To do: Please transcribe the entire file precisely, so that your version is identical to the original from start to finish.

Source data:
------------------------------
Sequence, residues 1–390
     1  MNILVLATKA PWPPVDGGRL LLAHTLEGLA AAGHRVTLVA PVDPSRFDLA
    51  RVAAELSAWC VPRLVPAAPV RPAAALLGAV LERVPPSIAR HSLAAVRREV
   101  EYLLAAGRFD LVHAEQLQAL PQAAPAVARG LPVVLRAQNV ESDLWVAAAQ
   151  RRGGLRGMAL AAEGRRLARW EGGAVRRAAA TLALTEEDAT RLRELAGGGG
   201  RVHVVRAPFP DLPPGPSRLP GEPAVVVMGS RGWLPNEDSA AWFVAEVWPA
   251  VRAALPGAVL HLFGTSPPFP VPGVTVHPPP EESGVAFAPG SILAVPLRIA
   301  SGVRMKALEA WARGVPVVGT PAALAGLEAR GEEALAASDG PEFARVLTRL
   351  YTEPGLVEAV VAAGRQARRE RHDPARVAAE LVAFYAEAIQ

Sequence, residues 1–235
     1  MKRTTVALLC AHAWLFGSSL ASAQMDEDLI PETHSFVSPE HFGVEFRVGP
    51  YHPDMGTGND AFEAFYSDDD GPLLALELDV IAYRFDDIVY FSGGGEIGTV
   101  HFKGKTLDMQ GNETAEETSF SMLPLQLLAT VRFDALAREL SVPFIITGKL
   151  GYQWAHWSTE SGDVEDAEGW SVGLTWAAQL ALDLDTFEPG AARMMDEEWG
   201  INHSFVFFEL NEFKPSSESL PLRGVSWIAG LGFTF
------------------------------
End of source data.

Sequence, residues 1–390
     1  MNILVLATKA PWPPVDGGRL LLAHTLEGLA AAGHRVTLVA PVDPSRFDLA
    51  RVAAELSAWC VPRLVPAAPV RPAAALLGAV LERVPPSIAR HSLAAVRREV
   101  EYLLAAGRFD LVHAEQLQAL PQAAPAVARG LPVVLRAQNV ESDLWVAAAQ
   151  RRGGLRGMAL AAEGRRLARW EGGAVRRAAA TLALTEEDAT RLRELAGGGG
   201  RVHVVRAPFP DLPPGPSRLP GEPAVVVMGS RGWLPNEDSA AWFVAEVWPA
   251  VRAALPGAVL HLFGTSPPFP VPGVTVHPPP EESGVAFAPG SILAVPLRIA
   301  SGVRMKALEA WARGVPVVGT PAALAGLEAR GEEALAASDG PEFARVLTRL
   351  YTEPGLVEAV VAAGRQARRE RHDPARVAAE LVAFYAEAIQ

Sequence, residues 1–235
     1  MKRTTVALLC AHAWLFGSSL ASAQMDEDLI PETHSFVSPE HFGVEFRVGP
    51  YHPDMGTGND AFEAFYSDDD GPLLALELDV IAYRFDDIVY FSGGGEIGTV
   101  HFKGKTLDMQ GNETAEETSF SMLPLQLLAT VRFDALAREL SVPFIITGKL
   151  GYQWAHWSTE SGDVEDAEGW SVGLTWAAQL ALDLDTFEPG AARMMDEEWG
   201  INHSFVFFEL NEFKPSSESL PLRGVSWIAG LGFTF